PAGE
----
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History Center Series

Author Young-Brown
to speak at OCHS program

She writes about Lexington’s unusual people, places

LA GRANGE, Ky. (June 2014) – Author Fiona Young-Brown said she never intended to write about Lexington, Ky., but upon relocating there, she developed an interest in knowing more about her new locale. Her interest grew from there and she has now written a book based on several lively characters from the city’s past.
Originally from England, Brown lived in Japan before settling in Kentucky a decade ago.

Fiona Brown Book
Brown book Cover.

In her work as a freelance writer and editor, she came across a publisher who asked if she would be interested in writing a book. When he mentioned a new series about historical scandals that his company was considering, “I instantly said I’d do it,” said Brown.
“Belle Brezing popped straight into my head, and I knew there had to be more lurking in Lexington’s history.” Brezing was an acute businesswoman who ran her own brothel, but for this reason, led a somewhat tragic life of being reviled by Lexington’s citizens.
Other characters from the city that she has included in her book, “Wicked Lexington, Kentucky,” are Cassius Marcellus Clay, Henry Clay, Lewis C. Robards (who made his fortune selling slaves), and amateur golfer Marion Miley. Brown writes about duels, murders, cheating congressmen, troubles at Transylvania University and what it meant to be black in Lexington.
“One of the things I really emphasize when talking about “Wicked Lexington” is the concept of ‘What is wicked?’ ” said Brown. “There were all of these bizarre and violent events taking place through Lexington’s history, but they were dismissed because the people were members of the right class and society. Everything they did paled into the background publicly because of one woman, who was branded wicked but who was actually intelligent, capable and very generous.”
Brown will present a program about her book at 6:30 p.m. Thursday, June 19, in the Rob Morris Educational Building on the Oldham County History Center campus, 106 N. Second Ave., in La Grange. Reservations are required and a light dinner fare will be served.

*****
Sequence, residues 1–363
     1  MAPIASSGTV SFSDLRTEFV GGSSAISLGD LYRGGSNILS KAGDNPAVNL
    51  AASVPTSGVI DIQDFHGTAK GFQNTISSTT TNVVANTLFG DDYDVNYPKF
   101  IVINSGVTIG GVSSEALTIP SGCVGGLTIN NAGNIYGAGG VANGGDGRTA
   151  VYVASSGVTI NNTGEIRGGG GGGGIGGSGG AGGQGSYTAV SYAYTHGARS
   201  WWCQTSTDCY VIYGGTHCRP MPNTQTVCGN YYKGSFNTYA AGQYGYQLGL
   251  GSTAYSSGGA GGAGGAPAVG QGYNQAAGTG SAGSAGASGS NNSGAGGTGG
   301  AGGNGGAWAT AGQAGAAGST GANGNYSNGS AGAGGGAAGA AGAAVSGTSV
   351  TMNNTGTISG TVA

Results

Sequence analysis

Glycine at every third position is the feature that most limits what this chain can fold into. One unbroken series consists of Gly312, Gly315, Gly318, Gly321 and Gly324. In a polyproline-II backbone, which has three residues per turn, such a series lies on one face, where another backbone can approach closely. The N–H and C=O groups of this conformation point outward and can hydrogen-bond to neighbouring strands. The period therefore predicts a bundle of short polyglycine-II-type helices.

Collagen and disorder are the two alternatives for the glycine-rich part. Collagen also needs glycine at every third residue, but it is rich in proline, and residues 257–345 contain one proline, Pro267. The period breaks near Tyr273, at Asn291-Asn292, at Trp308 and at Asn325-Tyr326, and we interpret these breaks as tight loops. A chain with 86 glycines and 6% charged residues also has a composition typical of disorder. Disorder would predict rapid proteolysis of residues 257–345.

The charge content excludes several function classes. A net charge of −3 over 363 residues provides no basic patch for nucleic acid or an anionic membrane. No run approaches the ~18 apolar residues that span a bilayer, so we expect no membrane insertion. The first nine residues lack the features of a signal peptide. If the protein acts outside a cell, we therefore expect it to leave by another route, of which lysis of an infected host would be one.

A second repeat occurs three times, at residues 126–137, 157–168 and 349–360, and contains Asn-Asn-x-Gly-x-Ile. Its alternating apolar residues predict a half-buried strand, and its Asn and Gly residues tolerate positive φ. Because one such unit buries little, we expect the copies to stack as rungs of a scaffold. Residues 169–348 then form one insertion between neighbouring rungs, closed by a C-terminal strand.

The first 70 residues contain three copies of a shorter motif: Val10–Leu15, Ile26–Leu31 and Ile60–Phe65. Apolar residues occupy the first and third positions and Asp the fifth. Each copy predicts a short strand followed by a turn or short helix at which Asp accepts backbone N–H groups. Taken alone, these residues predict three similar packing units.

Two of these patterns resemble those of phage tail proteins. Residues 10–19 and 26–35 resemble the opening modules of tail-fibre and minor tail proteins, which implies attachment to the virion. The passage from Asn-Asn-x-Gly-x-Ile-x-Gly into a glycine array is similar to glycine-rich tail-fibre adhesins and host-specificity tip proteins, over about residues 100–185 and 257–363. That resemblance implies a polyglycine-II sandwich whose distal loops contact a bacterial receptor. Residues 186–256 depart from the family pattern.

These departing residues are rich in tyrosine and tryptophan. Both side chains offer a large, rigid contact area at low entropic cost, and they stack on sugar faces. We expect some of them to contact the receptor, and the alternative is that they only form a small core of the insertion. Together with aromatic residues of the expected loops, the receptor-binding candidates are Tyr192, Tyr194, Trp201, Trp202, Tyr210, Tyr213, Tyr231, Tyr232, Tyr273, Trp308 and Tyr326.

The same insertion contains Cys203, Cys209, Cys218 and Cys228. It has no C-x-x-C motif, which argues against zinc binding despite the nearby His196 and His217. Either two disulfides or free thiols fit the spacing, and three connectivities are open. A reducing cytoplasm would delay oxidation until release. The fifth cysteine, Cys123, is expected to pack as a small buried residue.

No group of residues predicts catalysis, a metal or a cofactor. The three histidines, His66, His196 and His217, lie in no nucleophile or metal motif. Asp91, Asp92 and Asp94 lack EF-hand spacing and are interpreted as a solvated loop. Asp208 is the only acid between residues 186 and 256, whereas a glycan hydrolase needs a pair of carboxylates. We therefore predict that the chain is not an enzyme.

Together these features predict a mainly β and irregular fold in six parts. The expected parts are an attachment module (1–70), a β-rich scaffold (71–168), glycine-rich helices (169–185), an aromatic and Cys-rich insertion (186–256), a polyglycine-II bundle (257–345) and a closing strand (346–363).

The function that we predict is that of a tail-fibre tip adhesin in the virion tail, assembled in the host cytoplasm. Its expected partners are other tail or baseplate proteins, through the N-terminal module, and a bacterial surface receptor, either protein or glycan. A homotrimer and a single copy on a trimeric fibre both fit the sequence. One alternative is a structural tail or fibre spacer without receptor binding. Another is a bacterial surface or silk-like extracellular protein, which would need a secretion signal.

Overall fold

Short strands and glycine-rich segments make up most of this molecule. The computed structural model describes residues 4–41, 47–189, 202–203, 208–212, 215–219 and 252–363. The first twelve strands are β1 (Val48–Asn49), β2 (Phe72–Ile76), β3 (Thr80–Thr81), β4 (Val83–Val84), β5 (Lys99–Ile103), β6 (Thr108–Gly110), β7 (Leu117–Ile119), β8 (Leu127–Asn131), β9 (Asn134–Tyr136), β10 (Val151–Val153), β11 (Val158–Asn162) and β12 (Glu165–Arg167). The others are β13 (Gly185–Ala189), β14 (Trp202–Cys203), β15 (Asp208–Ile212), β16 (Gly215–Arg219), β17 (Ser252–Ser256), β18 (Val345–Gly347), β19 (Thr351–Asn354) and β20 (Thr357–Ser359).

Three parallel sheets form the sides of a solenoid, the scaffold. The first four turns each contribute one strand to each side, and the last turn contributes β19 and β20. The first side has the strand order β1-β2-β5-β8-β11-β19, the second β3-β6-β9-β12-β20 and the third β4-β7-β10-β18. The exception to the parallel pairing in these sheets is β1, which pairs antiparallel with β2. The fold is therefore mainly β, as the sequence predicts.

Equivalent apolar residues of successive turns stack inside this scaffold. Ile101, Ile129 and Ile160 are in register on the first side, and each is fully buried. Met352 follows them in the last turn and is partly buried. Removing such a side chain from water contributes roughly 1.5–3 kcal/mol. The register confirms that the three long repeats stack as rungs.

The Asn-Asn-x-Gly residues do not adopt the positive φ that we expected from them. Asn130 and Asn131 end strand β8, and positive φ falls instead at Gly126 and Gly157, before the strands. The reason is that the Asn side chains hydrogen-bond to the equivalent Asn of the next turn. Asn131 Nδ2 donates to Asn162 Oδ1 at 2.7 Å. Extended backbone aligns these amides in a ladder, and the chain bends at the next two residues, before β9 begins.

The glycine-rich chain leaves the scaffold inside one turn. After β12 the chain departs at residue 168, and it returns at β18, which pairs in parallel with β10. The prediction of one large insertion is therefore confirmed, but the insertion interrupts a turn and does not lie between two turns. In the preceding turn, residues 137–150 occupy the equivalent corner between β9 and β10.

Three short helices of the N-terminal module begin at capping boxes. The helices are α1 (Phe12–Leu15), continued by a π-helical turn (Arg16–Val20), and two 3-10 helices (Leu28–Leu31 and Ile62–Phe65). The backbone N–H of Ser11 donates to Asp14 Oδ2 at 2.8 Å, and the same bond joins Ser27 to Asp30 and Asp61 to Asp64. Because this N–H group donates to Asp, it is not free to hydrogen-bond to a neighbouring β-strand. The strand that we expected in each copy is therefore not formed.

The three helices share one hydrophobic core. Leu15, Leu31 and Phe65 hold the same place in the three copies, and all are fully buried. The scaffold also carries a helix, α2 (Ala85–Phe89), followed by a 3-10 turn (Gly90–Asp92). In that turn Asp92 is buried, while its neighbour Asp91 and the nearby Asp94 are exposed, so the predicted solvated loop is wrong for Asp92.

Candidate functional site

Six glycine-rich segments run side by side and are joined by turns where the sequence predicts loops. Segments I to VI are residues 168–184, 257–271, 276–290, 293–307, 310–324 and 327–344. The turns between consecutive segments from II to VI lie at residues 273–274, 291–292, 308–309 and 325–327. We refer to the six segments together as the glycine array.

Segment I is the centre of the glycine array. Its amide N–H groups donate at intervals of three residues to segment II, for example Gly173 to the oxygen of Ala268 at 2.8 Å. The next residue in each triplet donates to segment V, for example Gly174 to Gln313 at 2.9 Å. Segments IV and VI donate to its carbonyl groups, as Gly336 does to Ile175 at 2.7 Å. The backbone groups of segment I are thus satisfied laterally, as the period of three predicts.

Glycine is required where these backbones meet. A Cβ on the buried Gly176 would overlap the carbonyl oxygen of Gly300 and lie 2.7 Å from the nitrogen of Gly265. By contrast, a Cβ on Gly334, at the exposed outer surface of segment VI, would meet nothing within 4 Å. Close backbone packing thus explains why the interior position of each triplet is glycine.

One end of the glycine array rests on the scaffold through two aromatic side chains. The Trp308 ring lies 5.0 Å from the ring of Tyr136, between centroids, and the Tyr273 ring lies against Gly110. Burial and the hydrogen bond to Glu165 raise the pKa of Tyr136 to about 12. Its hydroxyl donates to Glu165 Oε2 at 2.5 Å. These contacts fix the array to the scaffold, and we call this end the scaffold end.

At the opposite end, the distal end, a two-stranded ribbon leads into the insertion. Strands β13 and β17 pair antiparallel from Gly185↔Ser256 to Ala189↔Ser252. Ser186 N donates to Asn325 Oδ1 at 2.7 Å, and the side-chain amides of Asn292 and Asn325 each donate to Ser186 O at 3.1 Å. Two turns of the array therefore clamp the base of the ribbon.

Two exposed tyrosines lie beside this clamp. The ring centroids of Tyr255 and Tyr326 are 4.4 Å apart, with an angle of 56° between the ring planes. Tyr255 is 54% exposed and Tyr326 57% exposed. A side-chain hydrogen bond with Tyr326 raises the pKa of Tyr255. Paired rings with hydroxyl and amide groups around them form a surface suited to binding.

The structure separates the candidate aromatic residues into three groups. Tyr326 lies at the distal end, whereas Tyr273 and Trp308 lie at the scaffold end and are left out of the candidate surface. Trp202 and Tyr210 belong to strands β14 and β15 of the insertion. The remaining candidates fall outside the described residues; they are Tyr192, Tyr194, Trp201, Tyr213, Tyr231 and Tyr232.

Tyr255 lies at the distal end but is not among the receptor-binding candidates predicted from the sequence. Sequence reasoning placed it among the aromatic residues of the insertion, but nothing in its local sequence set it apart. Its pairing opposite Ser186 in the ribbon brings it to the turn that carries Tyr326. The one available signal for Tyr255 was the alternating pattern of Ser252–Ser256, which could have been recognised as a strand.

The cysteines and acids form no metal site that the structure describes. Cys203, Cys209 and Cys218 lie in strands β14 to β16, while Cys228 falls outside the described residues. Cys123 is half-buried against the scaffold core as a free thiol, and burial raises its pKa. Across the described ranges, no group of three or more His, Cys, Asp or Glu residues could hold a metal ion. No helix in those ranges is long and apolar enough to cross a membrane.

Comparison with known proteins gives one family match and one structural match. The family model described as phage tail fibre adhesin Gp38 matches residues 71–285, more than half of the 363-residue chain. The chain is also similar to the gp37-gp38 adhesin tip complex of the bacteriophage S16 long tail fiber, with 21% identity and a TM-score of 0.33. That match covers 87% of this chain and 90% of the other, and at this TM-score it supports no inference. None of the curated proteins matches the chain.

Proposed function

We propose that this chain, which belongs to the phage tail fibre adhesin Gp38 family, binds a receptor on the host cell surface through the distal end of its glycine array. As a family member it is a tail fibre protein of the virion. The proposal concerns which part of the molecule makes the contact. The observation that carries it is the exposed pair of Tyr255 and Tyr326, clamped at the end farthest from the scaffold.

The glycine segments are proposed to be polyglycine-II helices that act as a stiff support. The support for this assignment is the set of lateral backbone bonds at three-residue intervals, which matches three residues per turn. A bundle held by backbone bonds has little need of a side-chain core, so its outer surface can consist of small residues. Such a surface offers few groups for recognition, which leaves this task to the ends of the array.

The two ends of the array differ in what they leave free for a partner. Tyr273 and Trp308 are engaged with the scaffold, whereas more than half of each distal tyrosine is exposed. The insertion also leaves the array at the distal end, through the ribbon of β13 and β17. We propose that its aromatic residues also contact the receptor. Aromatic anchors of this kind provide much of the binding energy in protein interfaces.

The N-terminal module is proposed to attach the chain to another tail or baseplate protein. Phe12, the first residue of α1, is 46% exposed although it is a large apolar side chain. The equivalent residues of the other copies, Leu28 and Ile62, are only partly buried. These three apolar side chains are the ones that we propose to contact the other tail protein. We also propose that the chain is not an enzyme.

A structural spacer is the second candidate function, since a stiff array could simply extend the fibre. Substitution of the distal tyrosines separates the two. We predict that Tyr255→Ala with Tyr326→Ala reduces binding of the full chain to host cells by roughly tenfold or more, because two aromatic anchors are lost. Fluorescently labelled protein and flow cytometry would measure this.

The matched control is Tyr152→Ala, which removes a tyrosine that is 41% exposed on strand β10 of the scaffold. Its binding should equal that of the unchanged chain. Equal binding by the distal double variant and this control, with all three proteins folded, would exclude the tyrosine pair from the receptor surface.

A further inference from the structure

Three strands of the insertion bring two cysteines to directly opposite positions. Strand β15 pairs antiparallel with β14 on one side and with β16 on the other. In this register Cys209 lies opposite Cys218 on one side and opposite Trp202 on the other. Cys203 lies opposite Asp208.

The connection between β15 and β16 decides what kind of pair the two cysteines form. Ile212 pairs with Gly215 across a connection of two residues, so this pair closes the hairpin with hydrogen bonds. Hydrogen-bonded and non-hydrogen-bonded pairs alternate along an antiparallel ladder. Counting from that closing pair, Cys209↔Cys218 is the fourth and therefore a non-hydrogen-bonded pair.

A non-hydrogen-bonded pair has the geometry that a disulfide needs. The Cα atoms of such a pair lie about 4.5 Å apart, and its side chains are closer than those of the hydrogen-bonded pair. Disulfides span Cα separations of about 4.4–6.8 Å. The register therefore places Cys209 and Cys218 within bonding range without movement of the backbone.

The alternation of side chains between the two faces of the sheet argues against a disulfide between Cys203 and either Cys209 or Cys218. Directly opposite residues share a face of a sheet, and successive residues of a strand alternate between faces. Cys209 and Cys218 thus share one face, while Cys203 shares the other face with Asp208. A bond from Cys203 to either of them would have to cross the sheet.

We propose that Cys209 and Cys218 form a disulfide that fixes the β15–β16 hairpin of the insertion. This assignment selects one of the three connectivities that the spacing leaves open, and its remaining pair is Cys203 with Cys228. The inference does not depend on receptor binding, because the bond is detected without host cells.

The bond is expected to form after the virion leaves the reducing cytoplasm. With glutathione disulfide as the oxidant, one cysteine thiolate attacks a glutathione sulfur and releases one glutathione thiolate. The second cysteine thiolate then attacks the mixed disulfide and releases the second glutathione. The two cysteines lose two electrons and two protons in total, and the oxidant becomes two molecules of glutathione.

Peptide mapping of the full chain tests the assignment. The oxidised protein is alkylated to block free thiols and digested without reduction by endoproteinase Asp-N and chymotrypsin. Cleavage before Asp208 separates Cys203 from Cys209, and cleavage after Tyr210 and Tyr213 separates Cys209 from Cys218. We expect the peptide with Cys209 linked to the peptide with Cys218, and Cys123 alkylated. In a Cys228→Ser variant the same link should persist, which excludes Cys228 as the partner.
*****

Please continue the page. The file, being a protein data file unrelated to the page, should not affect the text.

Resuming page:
Brown spent quite a bit of time in the Kentucky Room at the Lexington Public Library and the Kentucky State Historical Society in Frankfort. “Both are wonderful resources for all sorts of projects and I use them constantly,” she said.
“The “Wicked” series is a national series of titles about the quirky, sinister and criminal history of a local town, city or region,” said J. Banks Smither, Commissioning Editor for The History Press.
Smither continued by saying, “Readers will enjoy learning about history that is not only entertaining but is also written for a local audience and visitor audience to better experience their locale.”
When Brown’s publisher asked her to work with him again on a cookbook series, she was intrigued. She thought it “sounded like fun. I also have a food blog, and so the idea of combining food and history appealed to me.”
Her latest book is titled, “A Culinary History of Lexington.” Brown said she “wanted to focus on history and so the recipes really came about in terms of what suits this particular historical story that I’m discussing. Some dishes have a story behind them that was a good fit for the book; others are recipes that most definitely would not consider Kentuckian now but which were at the time I was writing about.”
“Fiona’s new book is part of our American Palate series, which celebrates the flavorful histories and cultures that distinguish eating and drinking experiences across the nation,” said Sarah Falter, Publicity & Marking Director for The History Press. “Food aficionados will appreciate these books for their complex layers of knowledge, while casual food lovers will revel in the recipes, nostalgia and mouthwatering anecdotes.”
“What I like most about it is that it can be appealing to the hardcore foodie, the casual dinner, the out of town visitor, the cultural historian. I like how this title can reach all Kentuckians who just want to enliven their own connection with where they live,” said Smither.

• For more information or to make reservations, contact the Oldham County History Center at (502) 222-0826. Tickets are $15 for members and $18 for non-members. Dinner is included in the ticket price. A cash bar will be available.

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